‘One Team’ initiative launched to promote peace within community
Two recent incidents at adjacent sports grounds has prompted the Bermuda Football Association to take a stance against violence and antisocial behaviour in the local community.
The unrelated events occurred at the National Sports Centre where two 15-year-olds were arrested after knives were used in a fight at an under-15 football match in late February. Less than a fortnight later, a man and a woman were shot and injured at a night-time social gathering at nearby Devonshire Recreation Club.
It is a disturbing trend in the community, with football officials concerned the behaviour could escalate in the community and spill over into football matches.
The BFA announced its One Team initiative at last Sunday’s Premier Division match at Bernard Park between two of the island’s top clubs, North Village and Somerset Trojans, with a new banner unveiled.
The banner was then displayed again on Monday night at the First Division match at Goose Gosling Field between BAA and Paget and the Premier Division match on Tuesday at Devonshire Rec between PHC and Southampton Rangers.
The One Team initiative aims to increase the awareness and importance of safe driving on the roads and non-violence in the community.
“It recognises that the community must act as ‘One Team’ and come together to reduce the reckless driving on Bermuda roads and the senseless violence that continues to plague our communities,” the BFA said in a statement.
“Football has been impacted with the loss of players to road traffic accidents and violence,” Mark Wade, president of the BFA, said.
“Our clubs will continue to do what they can to help. It is important for the entire community to mobilise to address these two important issues in Bermuda.
“This is a call to all of Bermuda to get on the road safety and anti-violence team.”
The One Team banners that promote safe driving and anti-violence will be displayed at all senior football matches through to the end of the season.
Shervin Dill, president of North Village Community Club and also chairman of the Club Presidents Forum, supports the steps taken by football’s governing body.
He admits that football, which caters to all ages, is under threat from the increase of violence.
“I think it is a great initiative and a step in the right direction,” Dill told The Royal Gazette.
“We can no longer stand idle and say nothing, we must be seen to be reacting to it and having some type of collaborative resolution.
“I think that is the only way forward for us to be able to get a handle on it. I’m concerned about the impact it is having on the game.
“That is one of the reasons why the spectator levels are so low, the fear of antisocial behaviour.
“We have to take some responsibility as clubs for a portion of it, but the majority of it is really a social issue in this country that is far-reaching.”
Dill, who attends games regularly, is pleased with the conduct of most players but says that bad behaviour at grounds by players and fans directed at match officials must be stamped out.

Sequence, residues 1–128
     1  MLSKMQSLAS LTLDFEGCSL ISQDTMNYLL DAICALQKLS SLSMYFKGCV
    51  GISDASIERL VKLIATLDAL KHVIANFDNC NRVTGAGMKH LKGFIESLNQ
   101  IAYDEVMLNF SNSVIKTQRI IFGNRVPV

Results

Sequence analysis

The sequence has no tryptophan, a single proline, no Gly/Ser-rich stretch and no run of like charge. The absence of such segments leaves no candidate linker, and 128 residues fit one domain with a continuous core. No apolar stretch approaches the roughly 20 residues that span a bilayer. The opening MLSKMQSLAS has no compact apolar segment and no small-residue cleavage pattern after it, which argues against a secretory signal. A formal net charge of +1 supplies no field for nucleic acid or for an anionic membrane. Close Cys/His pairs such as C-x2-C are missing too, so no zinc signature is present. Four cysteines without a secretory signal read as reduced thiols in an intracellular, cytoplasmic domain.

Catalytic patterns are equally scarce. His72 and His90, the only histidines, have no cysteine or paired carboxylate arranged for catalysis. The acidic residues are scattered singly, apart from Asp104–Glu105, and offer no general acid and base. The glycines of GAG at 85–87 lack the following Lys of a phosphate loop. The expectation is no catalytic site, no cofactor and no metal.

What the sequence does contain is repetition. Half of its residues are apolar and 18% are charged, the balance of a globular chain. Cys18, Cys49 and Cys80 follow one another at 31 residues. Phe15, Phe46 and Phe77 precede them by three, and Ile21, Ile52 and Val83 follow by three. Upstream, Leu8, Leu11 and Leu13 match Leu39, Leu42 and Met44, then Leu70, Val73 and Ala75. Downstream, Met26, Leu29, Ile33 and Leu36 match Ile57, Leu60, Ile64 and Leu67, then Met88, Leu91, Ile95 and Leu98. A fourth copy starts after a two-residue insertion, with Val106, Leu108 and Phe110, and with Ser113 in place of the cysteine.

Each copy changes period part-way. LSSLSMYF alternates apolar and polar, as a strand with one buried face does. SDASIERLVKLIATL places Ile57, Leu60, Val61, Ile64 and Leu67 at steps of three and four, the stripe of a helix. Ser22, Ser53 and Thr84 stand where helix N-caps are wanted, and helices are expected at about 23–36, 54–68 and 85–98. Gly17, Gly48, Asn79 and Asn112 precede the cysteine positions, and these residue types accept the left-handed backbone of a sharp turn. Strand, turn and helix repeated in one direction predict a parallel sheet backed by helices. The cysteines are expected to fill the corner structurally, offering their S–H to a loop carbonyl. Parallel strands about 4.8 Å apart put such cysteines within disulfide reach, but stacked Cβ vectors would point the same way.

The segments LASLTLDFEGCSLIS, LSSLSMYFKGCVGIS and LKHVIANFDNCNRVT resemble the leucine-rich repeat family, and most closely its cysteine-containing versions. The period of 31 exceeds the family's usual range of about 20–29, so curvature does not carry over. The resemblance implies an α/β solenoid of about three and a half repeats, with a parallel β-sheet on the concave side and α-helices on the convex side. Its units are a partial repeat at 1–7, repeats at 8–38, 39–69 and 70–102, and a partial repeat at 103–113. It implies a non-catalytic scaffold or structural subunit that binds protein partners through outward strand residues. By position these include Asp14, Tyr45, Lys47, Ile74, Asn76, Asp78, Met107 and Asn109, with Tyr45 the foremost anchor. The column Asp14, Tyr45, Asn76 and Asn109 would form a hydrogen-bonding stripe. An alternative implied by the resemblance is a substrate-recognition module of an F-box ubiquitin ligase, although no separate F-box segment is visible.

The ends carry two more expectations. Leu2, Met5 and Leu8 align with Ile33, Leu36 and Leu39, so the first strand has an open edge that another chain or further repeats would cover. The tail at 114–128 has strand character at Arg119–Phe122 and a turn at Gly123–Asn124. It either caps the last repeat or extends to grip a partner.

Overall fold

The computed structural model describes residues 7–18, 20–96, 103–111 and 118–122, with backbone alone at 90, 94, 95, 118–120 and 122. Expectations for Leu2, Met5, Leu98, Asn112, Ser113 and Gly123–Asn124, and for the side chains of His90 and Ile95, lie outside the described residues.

“There is a low percentage of footballers who may be involved in it,” he said.
“The BFA, along with the clubs have introduced the ‘best back’ policy to vet the players and to help to rehabilitate them in the event that they are involved in any type of antisocial or gang activity.
“The process has worked in some instances, but you can’t control what some people’s behaviour is going to be, despite all the policies and all the things that we do in terms of community programmes to keep the kids away from antisocial behaviour.”
Dill added: “We keep them challenged in sports and help to build integrity to make them better citizens long term for the country.”
The veteran club official says he is disturbed by the behaviour shown by some individuals.
“Some of it is just beyond imagination, what the youths of today are capable of,” he said.
“Whatever we can do, we should do to wipe it out, and this is a step in the right direction. We’re going to be working with the Bermuda Police Service as well and Glenn Fubler and his group Imagine Bermuda.
“We’re saying to persons responsible for perpetrating all this antisocial behaviour, ‘let’s put the weapons down, let’s find a way to work together and stop all of this nonsense’.”
Dill added: “Somerset and North Village are fierce rivals but what warmed my heart was at the beginning of the match the players were hugging each other, smiling and laughing.
“The aura was one of camaraderie, like it used to be back in the day. The two skippers hugged each other and we all came together as ‘one team’ which I think is a big message.
“It just needs to be out there for the public to see that we’re trying to save football, save sports in general. We even saw the camaraderie after the match.
“We put on a dinner and served both teams after the match. The game was over, we lost, but we were still good friends!”